1. Oh man, dealing with food allergies and restrictions is a huge issue for my fiance and I also! Right now we are looking for caterers, and we are uncertain how to proceed with the list of allergies we have from guests. We have several guests who have celiac disease (so gluten-free is a must), a few others with diabetes (will need sugar-free dessert options, though this is less problematic), and the food allergies are as follows: applies and anything made from apples, onions (what the heck, right?), eggplant (less of a problem, since I simply cannot stand eggplant anyway), grapes, bananas, and chocolate.

    So um, anyone have any advice for handling such a variety of food issues? Help would be much appreciated, as we are sort of at a loss right now.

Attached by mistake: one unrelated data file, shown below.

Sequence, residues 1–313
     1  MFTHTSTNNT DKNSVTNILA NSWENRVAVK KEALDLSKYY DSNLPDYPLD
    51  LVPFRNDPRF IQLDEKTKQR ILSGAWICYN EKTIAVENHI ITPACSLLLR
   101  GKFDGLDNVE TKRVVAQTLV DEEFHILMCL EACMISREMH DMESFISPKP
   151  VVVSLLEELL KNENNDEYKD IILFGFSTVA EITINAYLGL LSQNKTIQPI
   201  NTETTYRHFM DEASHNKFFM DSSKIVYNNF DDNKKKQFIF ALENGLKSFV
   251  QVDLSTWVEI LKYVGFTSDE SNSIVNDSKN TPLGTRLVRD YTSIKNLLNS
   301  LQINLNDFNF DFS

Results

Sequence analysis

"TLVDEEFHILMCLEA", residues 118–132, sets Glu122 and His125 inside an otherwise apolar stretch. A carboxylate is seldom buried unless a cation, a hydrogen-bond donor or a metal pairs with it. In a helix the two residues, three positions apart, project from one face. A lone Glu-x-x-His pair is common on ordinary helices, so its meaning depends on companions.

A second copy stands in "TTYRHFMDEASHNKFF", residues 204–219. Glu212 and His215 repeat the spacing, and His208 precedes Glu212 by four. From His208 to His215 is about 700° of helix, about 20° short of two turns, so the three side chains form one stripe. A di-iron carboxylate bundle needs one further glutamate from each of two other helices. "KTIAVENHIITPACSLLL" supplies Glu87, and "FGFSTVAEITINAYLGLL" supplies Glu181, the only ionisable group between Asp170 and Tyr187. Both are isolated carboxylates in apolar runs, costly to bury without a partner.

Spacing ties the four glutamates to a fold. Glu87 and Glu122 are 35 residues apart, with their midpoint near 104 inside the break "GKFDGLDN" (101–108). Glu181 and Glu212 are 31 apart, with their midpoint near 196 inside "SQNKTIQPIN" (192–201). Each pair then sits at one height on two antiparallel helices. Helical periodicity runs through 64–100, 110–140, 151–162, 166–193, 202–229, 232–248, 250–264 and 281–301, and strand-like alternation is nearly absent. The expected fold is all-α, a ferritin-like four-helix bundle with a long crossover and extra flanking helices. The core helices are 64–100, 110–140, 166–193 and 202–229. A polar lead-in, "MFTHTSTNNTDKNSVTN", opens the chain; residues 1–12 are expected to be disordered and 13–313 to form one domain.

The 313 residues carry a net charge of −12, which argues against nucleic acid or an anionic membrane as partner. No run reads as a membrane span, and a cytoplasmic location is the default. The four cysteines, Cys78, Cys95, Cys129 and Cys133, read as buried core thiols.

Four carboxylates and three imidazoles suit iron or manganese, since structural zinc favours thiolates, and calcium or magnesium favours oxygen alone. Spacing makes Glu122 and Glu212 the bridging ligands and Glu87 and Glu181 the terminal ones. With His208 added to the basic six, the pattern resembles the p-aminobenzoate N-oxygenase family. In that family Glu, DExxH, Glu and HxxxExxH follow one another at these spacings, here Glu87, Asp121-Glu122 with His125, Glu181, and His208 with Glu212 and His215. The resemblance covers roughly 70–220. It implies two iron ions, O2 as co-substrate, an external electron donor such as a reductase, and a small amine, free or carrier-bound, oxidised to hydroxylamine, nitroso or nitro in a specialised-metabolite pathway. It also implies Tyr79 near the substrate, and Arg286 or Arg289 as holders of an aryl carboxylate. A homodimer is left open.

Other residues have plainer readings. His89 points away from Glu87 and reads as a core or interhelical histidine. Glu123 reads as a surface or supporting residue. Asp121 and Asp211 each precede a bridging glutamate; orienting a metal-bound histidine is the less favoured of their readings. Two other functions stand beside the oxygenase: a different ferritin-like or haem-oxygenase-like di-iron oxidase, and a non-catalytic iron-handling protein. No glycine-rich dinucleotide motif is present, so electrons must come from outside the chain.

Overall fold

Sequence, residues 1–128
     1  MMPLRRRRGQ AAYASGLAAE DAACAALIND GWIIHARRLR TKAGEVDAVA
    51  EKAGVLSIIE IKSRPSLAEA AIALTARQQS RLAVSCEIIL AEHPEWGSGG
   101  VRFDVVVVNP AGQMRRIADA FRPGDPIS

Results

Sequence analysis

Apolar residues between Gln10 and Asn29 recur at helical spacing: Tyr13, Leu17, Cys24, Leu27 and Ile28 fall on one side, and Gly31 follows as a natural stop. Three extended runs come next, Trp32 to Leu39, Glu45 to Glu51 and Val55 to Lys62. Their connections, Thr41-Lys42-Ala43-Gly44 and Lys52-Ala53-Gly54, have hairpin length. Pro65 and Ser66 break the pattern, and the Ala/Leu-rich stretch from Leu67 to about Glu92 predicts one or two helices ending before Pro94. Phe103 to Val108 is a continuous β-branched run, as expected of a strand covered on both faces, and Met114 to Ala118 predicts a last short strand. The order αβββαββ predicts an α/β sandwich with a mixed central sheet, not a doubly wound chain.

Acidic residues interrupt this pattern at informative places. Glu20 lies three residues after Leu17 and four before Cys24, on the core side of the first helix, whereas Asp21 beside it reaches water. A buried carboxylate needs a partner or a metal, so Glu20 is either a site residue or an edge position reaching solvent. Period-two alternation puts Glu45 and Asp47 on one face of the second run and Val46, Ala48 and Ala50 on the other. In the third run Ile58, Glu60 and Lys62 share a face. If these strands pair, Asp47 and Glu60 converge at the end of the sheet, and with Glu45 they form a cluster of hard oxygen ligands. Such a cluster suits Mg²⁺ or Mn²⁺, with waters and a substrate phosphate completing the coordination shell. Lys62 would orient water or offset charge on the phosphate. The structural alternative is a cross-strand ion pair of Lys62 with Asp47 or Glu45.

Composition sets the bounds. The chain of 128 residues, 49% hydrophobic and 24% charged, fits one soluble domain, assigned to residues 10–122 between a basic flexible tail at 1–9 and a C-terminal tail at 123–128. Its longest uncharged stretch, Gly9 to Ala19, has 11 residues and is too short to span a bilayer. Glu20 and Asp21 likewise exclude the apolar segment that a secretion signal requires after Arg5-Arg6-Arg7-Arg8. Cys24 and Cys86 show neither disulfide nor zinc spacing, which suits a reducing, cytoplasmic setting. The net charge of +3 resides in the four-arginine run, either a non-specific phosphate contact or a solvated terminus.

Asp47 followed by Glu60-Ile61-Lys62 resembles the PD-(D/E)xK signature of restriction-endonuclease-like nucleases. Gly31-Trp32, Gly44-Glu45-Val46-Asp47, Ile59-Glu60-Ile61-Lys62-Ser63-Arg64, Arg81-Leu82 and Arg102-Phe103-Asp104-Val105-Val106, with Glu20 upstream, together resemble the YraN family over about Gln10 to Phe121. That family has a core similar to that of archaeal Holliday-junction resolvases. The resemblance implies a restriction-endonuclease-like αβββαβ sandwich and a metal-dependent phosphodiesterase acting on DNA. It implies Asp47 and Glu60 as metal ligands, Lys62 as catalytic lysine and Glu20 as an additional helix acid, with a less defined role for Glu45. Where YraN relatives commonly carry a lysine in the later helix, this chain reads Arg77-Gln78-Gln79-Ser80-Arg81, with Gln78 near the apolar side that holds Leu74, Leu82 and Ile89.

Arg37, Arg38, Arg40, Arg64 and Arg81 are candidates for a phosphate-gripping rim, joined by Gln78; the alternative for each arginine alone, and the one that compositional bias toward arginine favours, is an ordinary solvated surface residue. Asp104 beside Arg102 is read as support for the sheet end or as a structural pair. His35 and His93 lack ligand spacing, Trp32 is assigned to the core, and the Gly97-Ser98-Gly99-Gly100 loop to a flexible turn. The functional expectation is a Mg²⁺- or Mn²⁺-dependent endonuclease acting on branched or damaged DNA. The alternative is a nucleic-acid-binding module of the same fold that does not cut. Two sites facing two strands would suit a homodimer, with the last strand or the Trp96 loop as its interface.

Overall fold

• We asked everyone to RSVP on our website and we made food options for people to mark. It let them say exactly what they couldn’t eat so it made it easier for us to keep track of. We ended up doing a variety of different sandwiches and simply changing toppings and bread. It wasn’t very formal, but it was as flexible as we needed. Creative thinking seems to be key to it. Have you had any thoughts or wants so far? I hope you get it figured out.

  2. man oh man, i am digging this wedding…so much fun stuff.
    Also I am on the HUNT for an R2D2 ring bearer in SoCal…thats the droid I’m looking for…

    • You can try looking for droid builders near you. Try looking around on and maybe you will come across someone willing to help out. We just happened to get lucky, and it was super fun. I hope you find the droid you are looking for. 🙂